You might have come across the term ‘additional insured’ and wonder how it applies to your insurance. It’s straightforward to comprehend. Keep reading for more information.
Who is an additional insured?
A person you add to an insurance policy in addition to the primary policyholder is who you call ‘additional insured.’ Aside from people, it could also be an entity. The distinction between the named insured and the other person is crucial in this situation.
The designated insured is the person who bought the policy and has his name on it. Most home insurance policies automatically cover if the selected insured’s family, spouse, and children live in the house. An additional insured is someone who requires insurance coverage but does not fit into one of the preceding categories.
A financial investment in the covered property is a requirement for this person. This usually implies some form of property ownership.
When Do You Need an Additional Insured?
A policyholder may need to add this person to their policy in a few circumstances. You may need to choose the additional insured option when buying a house with your partner but aren’t legally married.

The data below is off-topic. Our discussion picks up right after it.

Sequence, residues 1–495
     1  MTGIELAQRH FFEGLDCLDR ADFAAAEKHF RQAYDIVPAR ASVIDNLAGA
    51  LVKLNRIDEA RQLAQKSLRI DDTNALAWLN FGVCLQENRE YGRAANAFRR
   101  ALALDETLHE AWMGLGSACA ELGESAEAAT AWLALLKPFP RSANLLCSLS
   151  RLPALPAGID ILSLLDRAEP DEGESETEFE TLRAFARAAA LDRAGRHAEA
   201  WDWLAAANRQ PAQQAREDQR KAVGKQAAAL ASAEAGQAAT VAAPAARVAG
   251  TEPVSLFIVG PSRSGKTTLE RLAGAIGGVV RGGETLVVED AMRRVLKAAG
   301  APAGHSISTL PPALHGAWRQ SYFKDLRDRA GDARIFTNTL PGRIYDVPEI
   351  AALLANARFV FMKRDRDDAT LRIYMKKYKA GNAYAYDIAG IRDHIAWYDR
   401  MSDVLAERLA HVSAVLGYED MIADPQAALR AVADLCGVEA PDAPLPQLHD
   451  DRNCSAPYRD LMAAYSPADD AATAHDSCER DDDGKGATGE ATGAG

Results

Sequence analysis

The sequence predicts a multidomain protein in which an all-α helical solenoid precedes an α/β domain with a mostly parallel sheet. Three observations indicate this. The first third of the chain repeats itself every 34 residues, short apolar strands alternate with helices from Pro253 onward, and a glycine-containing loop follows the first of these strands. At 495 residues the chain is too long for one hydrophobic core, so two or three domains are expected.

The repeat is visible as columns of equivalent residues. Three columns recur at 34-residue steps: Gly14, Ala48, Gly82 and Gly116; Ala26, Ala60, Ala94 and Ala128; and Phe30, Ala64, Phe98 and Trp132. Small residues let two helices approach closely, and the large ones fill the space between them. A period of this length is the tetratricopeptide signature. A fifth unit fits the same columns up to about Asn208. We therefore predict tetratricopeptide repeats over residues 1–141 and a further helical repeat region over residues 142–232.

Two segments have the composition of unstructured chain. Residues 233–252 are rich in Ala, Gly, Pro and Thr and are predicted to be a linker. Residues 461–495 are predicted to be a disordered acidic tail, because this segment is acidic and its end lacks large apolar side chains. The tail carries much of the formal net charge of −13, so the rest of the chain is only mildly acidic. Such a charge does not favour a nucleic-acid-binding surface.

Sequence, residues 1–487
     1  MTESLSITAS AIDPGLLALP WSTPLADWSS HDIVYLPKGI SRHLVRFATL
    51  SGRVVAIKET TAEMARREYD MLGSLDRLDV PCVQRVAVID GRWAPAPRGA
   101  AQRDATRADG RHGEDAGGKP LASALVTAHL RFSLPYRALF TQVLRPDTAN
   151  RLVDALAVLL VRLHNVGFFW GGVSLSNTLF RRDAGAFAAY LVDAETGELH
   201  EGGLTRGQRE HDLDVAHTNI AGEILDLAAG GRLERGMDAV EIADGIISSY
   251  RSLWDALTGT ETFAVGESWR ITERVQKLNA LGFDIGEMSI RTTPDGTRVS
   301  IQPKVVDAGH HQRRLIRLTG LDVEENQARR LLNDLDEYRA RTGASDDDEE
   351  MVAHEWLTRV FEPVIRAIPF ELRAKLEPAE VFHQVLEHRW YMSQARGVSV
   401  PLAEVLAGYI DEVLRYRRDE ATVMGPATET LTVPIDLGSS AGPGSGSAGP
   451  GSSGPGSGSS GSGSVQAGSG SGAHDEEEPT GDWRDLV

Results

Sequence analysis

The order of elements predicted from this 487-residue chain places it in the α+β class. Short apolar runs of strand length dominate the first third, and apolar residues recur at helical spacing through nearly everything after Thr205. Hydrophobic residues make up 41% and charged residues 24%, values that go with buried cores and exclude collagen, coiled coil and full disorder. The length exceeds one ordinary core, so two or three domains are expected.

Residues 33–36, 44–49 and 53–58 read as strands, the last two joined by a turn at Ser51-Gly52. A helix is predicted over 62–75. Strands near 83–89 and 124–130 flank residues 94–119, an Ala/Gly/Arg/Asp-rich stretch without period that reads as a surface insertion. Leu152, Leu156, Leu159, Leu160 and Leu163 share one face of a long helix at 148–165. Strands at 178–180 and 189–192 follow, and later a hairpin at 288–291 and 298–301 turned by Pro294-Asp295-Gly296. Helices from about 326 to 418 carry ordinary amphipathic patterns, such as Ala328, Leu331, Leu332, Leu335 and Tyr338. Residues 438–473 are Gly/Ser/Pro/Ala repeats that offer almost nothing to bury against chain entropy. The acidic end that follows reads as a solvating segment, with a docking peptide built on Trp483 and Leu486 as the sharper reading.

Here, one of the partners would purchase the coverage as the policyholder and the other as an extra insured.
Another scenario is if an elderly relative died and left their home to three grandchildren. Each of the three cousins needs to have their names as new insureds on the home’s insurance policy.
These are two different home insurance possibilities. An extra may be necessary for various other, more challenging situations in commercial insurance. An example is a general contractor that subcontracts some of its tasks to a smaller company.
The general contractor would request that the subcontractor be a part of the extra to their commercial liability coverage. He may also receive reimbursement from the subcontractor’s insurance if the subcontractor causes damage to the project.